Caribbean Information and Credit Rating Services Limited (CariCRIS) has lowered by one notch its ratings on the debt issue of the size of USD300 million of the Government of Barbados (GOB) to CariBBB (Foreign Currency Rating) and CariBBB+ (Local Currency Rating) on its regional scale from CariBBB+ and CariA- respectively.
A negative outlook has also been assigned to the ratings.
These ratings indicate that the level of creditworthiness of this obligation, in relation to other obligations in the Caribbean is adequate.
In the statement issued on Monday, the Port-of-Spain based agency said that the downward adjustment of Barbados’ ratings and the negative outlook assigned are driven by concerns over the continued high fiscal deficit and increasing debt burden, which is being financed by the printing of money, creating a challenge for maintaining the fixed exchange rate.
It also attributed the downgrade to the delay in several tourism-related foreign direct investments (FDI) projects which may temper economic growth.
One top banker recently noted that several tourism construction projects remained at a standstill, namely Hyatt, Sam Lord’s Castle and Four Seasons. CEO and Managing Director of Republic Bank (Barbados) Ltd. was cautious about making any predictions for 2017, telling the media last Friday that he was approaching the year with “managed enthusiasm”.
The rating agency however noted that for the nine months to September 2016, Barbados’ economy continued on its growth path that had started in 2014, with a relatively solid year-on-year increase of 1.3%; real GDP growth of 1.4 per cent is forecast for full-year 2016.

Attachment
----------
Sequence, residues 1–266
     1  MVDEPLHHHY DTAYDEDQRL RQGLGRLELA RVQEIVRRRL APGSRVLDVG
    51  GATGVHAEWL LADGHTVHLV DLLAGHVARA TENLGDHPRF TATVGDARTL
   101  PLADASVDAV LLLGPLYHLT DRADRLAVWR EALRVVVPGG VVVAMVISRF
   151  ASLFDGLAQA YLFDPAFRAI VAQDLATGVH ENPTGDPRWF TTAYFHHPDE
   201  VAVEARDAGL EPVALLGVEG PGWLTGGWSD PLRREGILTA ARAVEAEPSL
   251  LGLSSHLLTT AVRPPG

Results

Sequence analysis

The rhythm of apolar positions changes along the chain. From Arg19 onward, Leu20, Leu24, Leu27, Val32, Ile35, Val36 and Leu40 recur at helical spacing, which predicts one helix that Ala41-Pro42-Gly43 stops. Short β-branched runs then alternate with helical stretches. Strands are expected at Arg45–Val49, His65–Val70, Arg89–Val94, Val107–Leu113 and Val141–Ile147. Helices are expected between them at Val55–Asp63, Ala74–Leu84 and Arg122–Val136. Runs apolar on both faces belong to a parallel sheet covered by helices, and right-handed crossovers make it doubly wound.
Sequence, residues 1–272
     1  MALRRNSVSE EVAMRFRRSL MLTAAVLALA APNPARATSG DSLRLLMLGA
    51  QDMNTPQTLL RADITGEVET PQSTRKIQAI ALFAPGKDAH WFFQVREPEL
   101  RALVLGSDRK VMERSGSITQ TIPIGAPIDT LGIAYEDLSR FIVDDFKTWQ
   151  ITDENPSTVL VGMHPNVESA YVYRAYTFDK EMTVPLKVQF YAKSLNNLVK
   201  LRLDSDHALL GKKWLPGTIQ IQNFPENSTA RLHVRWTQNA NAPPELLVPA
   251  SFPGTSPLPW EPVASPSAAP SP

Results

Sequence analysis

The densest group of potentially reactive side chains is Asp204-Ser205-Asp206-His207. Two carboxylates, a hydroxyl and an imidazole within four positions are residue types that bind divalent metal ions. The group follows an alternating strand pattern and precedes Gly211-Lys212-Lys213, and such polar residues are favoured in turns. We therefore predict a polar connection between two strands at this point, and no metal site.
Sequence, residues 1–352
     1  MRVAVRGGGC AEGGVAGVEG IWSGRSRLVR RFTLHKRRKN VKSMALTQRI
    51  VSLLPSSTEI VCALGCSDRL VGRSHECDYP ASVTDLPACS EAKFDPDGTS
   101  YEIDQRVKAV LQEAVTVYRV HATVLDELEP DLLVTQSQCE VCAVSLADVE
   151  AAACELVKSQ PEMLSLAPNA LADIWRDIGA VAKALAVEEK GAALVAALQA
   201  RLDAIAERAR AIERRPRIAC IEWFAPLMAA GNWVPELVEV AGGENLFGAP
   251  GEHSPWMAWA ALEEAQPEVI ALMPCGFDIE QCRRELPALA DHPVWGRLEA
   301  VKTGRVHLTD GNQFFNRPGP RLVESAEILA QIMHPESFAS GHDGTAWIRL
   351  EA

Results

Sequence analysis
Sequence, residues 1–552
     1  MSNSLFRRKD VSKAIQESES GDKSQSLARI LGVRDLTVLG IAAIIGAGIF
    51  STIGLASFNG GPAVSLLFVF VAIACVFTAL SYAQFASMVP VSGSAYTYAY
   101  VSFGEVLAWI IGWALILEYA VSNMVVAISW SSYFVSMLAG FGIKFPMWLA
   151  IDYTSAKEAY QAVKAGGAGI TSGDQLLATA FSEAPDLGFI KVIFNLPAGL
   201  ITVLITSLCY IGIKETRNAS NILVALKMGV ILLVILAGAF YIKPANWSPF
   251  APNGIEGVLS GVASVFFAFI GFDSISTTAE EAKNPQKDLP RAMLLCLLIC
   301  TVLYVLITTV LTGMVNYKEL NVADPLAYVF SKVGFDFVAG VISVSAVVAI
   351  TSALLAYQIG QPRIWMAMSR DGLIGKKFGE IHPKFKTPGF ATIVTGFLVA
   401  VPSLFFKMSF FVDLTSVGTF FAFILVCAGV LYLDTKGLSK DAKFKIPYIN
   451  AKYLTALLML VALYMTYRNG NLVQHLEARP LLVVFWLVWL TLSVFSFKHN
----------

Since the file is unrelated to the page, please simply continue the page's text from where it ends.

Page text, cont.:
CariCRIS expects real GDP growth of the order of 1.7 per cent in 2017, based on continued strong performance in tourism, supported by an anticipated 11 per cent increase in airline capacity from the USA and Canada.
According to CariCRIS, “Fiscal consolidation has been a top priority for the Government of Barbados but not enough progress has been made thus far. “
“While the primary balance has been in surplus for the last two fiscal years and continues to be so in this fiscal year, the large debt and interest burdens have become intractable, pushing deficits and exacerbating the problem.
“Additionally, the fixed exchange rate is under threat of revaluation due to the printing of money to finance the fiscal deficit while the continued delay in tourism-related FDIs such as the luxury Hyatt hotel may create a challenge for accelerating much-needed growth.”
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